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Reconfiguring workplaces
 extant research on how place influences work relationships before introducing the concept of workplace configurations as an alternative perspective for studying modern workplaces. We then provide details regarding our data collection and analysis. Following this, we set the stage by describing the empirical setting of the office transformation. Then, we turn to our findings to introduce the dimensions of workplace configurations and the notion of relationship layers. Also, we show how change in the dimensions shaped coworker relationships. Furthermore, we detail how the employees coped with the changed workplace configurations by reconfiguring and identify limits to these coping efforts. Finally, we discuss and situate our findings in existing work.
3.2 Theoretical background
Halford noted, “where work is done makes a difference [...] to organisational and personal relationships” (2005, p. 20, emphasis in original). Although different streams have provided us with essential pieces to understand how place affects work relationships, previous studies focused on a single work location or the place between locations, respectively, rather than seeing each location as part of a broader repertory of workplaces (in other words, a workplace configuration). Hereafter, I will first briefly review what we know about how each setting affects relationships at work before turning to workplace configurations.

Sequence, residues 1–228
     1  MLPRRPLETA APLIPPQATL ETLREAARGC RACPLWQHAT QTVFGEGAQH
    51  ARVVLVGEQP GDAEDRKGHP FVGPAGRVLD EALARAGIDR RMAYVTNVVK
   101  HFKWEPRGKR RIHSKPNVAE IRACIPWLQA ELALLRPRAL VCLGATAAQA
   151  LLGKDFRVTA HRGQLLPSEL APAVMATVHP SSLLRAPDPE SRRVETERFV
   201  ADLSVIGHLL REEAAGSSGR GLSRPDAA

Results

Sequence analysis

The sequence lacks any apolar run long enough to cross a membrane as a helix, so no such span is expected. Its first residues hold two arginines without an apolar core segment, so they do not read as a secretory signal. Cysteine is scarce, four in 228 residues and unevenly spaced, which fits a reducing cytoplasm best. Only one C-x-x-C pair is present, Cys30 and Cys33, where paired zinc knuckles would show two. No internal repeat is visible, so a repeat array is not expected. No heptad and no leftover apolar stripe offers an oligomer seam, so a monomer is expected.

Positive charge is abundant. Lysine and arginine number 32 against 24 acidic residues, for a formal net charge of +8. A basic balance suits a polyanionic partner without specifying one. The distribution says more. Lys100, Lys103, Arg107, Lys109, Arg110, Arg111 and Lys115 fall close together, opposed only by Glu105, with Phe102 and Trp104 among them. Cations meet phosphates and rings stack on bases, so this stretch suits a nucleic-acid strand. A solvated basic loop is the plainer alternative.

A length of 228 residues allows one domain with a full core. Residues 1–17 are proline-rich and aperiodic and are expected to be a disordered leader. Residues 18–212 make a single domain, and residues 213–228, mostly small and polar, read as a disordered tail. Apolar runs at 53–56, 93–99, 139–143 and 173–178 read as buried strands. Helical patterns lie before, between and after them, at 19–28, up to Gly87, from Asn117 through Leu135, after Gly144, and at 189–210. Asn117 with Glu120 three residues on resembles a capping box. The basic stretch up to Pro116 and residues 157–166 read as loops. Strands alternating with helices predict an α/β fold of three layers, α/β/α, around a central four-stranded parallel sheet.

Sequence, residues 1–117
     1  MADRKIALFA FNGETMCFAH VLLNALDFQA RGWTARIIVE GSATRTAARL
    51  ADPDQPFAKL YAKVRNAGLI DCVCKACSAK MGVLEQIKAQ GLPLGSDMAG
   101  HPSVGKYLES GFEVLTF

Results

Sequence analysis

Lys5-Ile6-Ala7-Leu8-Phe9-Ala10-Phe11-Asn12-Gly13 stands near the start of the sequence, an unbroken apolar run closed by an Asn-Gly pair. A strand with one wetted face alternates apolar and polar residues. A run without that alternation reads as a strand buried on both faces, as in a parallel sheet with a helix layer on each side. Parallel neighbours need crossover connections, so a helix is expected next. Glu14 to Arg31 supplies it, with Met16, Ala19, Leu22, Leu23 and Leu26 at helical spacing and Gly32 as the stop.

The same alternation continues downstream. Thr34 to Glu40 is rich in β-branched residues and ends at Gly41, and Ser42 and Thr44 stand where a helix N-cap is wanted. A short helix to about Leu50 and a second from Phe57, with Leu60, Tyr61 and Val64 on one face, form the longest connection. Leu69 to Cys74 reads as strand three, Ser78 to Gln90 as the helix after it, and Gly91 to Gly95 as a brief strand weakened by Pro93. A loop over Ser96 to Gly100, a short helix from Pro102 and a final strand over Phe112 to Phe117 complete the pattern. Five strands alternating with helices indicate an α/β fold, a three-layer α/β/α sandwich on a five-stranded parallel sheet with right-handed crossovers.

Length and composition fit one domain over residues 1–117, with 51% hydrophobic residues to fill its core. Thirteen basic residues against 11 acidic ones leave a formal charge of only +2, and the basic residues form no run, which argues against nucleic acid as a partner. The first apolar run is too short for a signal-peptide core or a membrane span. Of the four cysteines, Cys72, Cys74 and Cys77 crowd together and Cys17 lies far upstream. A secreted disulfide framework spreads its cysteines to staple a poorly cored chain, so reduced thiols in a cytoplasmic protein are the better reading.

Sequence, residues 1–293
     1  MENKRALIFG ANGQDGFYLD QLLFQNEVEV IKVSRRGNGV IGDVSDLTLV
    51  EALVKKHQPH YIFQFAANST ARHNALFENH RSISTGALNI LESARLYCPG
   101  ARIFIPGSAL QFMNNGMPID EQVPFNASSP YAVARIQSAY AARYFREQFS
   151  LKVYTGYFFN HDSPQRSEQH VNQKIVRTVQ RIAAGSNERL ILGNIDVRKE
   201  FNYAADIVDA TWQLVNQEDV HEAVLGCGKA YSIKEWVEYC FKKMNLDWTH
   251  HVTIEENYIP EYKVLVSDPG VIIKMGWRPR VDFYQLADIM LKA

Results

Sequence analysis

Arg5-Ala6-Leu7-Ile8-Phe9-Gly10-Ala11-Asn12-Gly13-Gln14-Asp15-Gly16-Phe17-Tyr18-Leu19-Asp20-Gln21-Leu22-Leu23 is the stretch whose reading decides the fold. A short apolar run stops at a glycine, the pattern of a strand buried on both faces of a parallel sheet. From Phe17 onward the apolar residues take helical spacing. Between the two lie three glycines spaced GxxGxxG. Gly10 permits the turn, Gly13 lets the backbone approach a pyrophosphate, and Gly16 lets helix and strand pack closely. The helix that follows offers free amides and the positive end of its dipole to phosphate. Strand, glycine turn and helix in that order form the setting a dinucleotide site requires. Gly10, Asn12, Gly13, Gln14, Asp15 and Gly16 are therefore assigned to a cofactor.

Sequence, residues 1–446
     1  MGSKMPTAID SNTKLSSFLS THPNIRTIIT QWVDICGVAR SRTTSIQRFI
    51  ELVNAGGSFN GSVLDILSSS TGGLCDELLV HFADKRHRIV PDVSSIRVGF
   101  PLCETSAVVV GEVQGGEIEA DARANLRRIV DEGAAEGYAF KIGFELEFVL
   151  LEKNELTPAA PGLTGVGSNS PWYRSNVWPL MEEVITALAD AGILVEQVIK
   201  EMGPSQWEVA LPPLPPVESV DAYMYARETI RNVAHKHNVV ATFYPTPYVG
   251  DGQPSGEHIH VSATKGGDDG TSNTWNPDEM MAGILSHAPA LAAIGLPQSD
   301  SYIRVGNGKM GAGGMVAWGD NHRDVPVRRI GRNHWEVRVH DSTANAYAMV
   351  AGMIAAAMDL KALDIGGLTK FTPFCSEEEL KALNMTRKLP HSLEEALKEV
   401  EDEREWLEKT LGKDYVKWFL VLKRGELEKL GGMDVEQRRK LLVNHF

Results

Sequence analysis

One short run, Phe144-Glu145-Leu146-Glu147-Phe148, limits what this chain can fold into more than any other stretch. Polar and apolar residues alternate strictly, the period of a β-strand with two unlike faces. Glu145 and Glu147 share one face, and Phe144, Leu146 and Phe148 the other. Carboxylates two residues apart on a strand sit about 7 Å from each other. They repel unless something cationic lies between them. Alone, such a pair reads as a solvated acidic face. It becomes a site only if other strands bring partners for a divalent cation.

3.2.1 Work settings and relationships
As part of the ‘spatial turn’ in organization studies (Taylor & Spicer, 2007, p. 338), we identified two streams of research that have investigated the spatial aspects of work: co-located and distributed work. Together, these two streams reflect the contemporary worker’s repertory of locations that enables working ‘anywhere, anytime’ (e.g., Chayka, 2018; Mazmanian et al., 2013). More recently, scholars have also started to address how places affect relationships at work (Heaphy et al., 2018; Khazanchi et al., 2018; Methot et al., 2017; Ragins & Button, 2007).

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